Australia Ahead of UK in Gender-wise Philanthropy
Thursday, 1st May 2014 at 11:30 am
Australia is well ahead of the UK in forming civil-sector partnerships and placing a gender lens on philanthropy, visiting philanthropic campaigner Dame Julia Cleverdon said in an oration hosted by the Lord Mayor’s Charitable Foundation and Women Donors Network.
|Dame Julia Cleverdon speaking on the Community Impact of Investing in Women and Girls. Photo: Daniel Mendelbaum|
|Dame Julia Cleverdon with Lord Mayor's Charitable Foundation CEO Catherine Brown. Photo: Daniel Mendelbaum.|
With a reputation for developing cross-sector partnerships and improving the quality of leadership and teaching in schools, Dame Julia was listed by The Times as one of the 50 Most Influential Women in Britain.
In the UK, she is the Vice President of the Business in the Community, Chair of Teach First, a Special Adviser to The Prince’s Charities and Chair of The National Literacy Trust.
In an oration entitled The Community Impact of Investing in Women and Girls, Dame Julia said one of the initiatives she was most looking forward to looking at when coming to Australia was the “energy network” between the Lord Mayor’s Charitable Foundation and the Women Donors Network.
“I have to say you are well ahead of us in managing to get together civil partnerships,” Dame Julia said in the oration.
“I am taking back [to the UK], on the creative sweeping basis, every single thing, absolutely everything, you’ve done on the gender lens network because I don’t think we’ve got that working nearly well enough.
“There are some things going on but I think the idea of putting the gender lens on our investment through giant foundations and corporates – I think that it is an idea that’s time has come in the UK.”
Speaking to Pro Bono Australia News after the oration, Dame Julia said she was very impressed by the Women Donors Network publication Gender-Wise Philanthropy: Strengthening Society by Investing in Women and Girls.
“I don’t think I have ever seen in the UK, philanthropists talking about a gender lens, in the way in which this partnership between the Charitable Foundation and the Women Donors Network is obviously now,” she said.
“I was very impressed by the publication and they are obviously going to go on and begin to see what the philanthropy world is doing with a gender lens…
“The stuff I have not seen in Britain, and maybe I am out of touch, is I haven’t seen a philanthropic lens or gender lens on philanthropy, given I spend a lot of my time dancing around schools I am pretty sure that if there was one I would have heard about it.”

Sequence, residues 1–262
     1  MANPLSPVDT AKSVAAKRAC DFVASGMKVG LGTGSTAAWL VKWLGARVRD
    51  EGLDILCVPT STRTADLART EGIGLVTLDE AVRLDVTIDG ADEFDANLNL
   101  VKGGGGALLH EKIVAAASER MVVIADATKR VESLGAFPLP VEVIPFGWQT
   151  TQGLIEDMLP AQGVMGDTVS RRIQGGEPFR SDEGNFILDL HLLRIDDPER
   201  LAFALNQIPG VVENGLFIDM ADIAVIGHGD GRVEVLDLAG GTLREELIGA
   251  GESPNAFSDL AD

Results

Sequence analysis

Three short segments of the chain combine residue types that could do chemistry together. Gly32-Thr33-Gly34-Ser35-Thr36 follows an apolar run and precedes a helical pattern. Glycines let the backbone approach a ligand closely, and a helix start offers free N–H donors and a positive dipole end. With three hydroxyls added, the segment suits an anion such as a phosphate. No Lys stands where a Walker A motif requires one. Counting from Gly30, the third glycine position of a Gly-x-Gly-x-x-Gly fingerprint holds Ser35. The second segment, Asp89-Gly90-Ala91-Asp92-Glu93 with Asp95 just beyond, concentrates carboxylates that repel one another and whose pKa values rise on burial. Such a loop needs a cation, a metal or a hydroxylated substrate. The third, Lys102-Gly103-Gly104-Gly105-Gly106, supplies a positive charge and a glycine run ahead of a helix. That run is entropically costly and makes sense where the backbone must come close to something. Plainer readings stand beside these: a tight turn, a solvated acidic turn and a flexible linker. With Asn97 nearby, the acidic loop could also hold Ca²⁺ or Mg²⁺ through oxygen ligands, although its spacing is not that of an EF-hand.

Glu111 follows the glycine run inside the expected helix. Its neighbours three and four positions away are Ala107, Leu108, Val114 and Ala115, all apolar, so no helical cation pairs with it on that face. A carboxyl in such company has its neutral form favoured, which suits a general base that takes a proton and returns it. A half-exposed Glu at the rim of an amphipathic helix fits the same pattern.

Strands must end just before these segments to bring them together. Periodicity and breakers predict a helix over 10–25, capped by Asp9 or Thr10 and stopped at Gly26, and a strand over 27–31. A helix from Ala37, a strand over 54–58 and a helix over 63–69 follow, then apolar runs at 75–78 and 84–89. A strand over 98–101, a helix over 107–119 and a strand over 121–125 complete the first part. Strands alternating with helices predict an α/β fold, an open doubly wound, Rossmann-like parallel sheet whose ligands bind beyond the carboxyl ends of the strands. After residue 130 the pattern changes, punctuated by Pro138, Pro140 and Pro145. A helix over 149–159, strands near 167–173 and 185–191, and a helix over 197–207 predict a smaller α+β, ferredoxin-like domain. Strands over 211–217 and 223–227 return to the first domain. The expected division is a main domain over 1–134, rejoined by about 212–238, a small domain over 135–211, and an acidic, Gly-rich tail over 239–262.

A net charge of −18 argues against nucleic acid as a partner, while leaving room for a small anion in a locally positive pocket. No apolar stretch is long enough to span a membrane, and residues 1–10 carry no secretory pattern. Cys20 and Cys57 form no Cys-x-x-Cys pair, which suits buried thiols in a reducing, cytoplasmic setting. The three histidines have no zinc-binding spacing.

However she said that although Australia was well ahead in some areas, she would like to see more collaboration between corporates in Australia.
“I’d love to see examples of corporates working together on common issues,” Dame Julia said.
“Some of the things that Andrew Forrest is doing – getting pledges or offerings for indigenous employment – that’s great. But I would like to see some other things. Corporate partnerships with each other and with charities, I think that is where we’ll see a major difference.
“I would like to see more corporates spend more time, working the streets, understanding the issues, sitting humbly in these situations that they don’t frequently know much about.
“One of the transformational things that I have seen in the UK is business leaders spending more quality time with frontline charities, really, not just there for lunch and a launch and a logo but there to really get to the bottom of this issue.
“I suspect we need to see more senior management come on board at local level.
“Not necessarily in the central business district of Melbourne. I’d like them to get into a car and drive for at least an hour and a half, they can have their dictaphone with them, they can do all sorts of things, they can be on conference calls the entire drive but I think some of the head teachers I was speaking to in the rural communities yesterday, they desperately need more engagement… the more hands [corporates] can get, the more pro bono you can get, the more you build it into the leadership development of young managers.”
Dame Julia said she thinks the future of philanthropy would be about “cross-dressers”.
“It will be about people who have not lived their lives in just one sector,” she said.
“I think great civil servants who spent time in the commercial world, great corporates who spent time chairing charities or being charity runners… The moving around these sectors is what helps these changes to happen.”
To view the Women Donors Network publication Gender-Wise Philanthropy: Strengthening Society by Investing in Women and Girls, click here.